art and politics

Karan Johar’s video plea reflects our current crisis – and is a warning of things to come

A deconstruction of the filmmaker’s statement asking protestors to allow his movie ’Ae Dil Hai Mushkil’ to be screened without violence.

Karan Johar’s video statement on Tuesday pleading for his new movie to be allowed to run in theatres without disruption looks like a better lit version of the victim videos released by kidnappers and terrorists. As he reiterates his patriotism and beseeches protestors to allow Ae Di Hai Mushkil to be released without violence on October 28, Johar looks less like the master of ceremonies he often plays in TV shows and more like he is seconds away from an executioner's dagger.

The mood in the video, which runs one minute and 46 seconds, is appropriately funereal. Johar is dressed in a black t-shirt with white markings and seated against a deep grey background as he addresses his hyper-nationalist critics, many of whom are nested in the film industry. There are minimal hand and head movements. Johar’s tone is even but the despair is unmistakable.

To the demand that he stall the release of Ae Dil Hai Mushkil because it features Pakistani actor Fawad Khan in a few scenes, Johar points out that when he shooting the film between September and December in 2015, there was no sign of the hysteria that would wash over India months later, after a militant attack on an Army camp in Uri in September killed 19 soldiers.

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“The circumstances were completely different,” Johar notes. “There were efforts made by our government for peaceful relationships with the neighbouring country and I respected those endeavours then, those efforts then. And I respect the sentiment today.”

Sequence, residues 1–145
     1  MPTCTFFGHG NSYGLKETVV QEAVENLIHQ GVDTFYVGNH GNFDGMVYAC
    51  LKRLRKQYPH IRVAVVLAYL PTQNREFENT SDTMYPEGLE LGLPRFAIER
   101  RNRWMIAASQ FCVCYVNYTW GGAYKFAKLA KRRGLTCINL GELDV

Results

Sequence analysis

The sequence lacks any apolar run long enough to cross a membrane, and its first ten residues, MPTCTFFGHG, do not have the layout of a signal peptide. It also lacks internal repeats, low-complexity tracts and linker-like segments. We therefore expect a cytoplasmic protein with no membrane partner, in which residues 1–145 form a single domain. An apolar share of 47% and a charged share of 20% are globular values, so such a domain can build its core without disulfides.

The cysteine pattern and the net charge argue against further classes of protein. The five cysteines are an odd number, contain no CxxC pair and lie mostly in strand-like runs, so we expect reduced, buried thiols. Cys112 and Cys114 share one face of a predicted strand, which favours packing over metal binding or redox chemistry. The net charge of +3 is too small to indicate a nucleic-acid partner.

Having reiterated his loyalty to the nation, Johar cuts the final threads that connect us to the very brief (and very pleasurable) Fawad Khan era. “Going forward, I would like to say that of course I will not engage with talent from the neighboring country given the circumstance,” he promises.

The statement dispels lingering doubts that Pakistani actors or singers will be hired by Indian producers in the foreseeable future – or, possibly, ever. India discovered the bounty of Pakistani talent in scriptwriting, acting and singing through videotapes of television serials in the 1980s. In the 1990s, the internet brought Pakistani stars closer to India, and in 2014, the television channel Zindagi brought them into living rooms across the country. But Uri has resulted in an angry chorus demanding retribution: the Maharashtra Navnirman Sena in Mumbai has threatened violence against theatre owners who show films featuring Pakistanis and the Indian Motion Picture Producers Association has issued a ban on Pakistani talent being employed in future productions.

Zindagi has dropped Pakistani serials from its programming, while the Cinema Owners and Exhibitors Association of India has issued a directive to its members in Maharashtra, Gujarat, Goa and Karnataka against screening films with actors from across the border.

The decision of the exhibitors' association directly affects Ae Dil Hai Mushkil, and Johar’s statement seems to be aimed at assuaging distributors and exhibitors that they will not be guilty of sedition if they screen his quadrangular romance.